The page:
Nature is very beneficial to humankind even though at times it is the cause of human sufferings as well as death. In the story “The Open Boat” by Stephen Crane, the main message that he conveys to the readers is that nature is indifferent to the sufferings that are faced by women (Crane).
Crane makes apparent that nature is indifferent to the predicaments of man having no conscious that we are able to comprehend. In the story, as the stranded man progress, the realism of nature’s lack of concern towards them becomes clearer. The narrator brings to light this development by altering the manner in which he describes the sea. In the story, the sea snarls and hisses while it simply paces to and for without considering man. In truth, the sea, which is a representation of nature never changes, and it is only the perception of men towards the sea that changes. The unchanged activity of the clouds and tides is an illustration that nature does not behave indifferently in light of the struggle by men to survive.
The idea of nature’s indifference to man is further strengthened in the story by showing that it is indiscriminately beneficial as it is hurtful. In each malevolent whim that men suffers, they also experience an unanticipated good turn through calm night or favorable weather. The fact that men nearly appears to receive help from nature devastates the idea of nature as an totally hostile force. This point is highlighted by the correspondent’s ultimate rescue. By being plowed to the shore as well as saved by a freak wave, the fact that the same thing that has placed the correspondent in danger is the one that saves him is mesmerizing.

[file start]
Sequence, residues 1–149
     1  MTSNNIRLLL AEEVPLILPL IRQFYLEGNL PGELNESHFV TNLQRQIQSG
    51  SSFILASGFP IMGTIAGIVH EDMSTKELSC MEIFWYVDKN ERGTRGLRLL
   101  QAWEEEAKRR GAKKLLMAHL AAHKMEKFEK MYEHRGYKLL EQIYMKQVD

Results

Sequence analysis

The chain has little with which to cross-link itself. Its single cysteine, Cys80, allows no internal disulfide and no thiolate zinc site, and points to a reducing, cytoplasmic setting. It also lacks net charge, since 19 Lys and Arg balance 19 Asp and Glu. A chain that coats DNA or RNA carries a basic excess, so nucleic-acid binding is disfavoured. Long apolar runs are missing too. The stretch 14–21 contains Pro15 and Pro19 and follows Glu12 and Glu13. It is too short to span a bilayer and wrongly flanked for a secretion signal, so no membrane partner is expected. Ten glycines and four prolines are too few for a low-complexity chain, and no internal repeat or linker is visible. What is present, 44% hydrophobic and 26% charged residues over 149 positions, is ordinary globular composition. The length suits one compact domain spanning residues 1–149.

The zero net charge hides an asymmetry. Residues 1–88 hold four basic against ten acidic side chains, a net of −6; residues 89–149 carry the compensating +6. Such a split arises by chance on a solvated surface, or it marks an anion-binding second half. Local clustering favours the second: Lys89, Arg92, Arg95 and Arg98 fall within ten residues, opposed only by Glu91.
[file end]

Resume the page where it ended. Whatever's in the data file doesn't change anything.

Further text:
In conclusion, the turn of events represented by Crane in the story demonstrates two notions; that nature is a brutal punisher and also a benefactor. The second notion is that nature does not act from any motivation that can be comprehended in human terms. Nature is therefore indifferent to the sufferings experienced by human beings.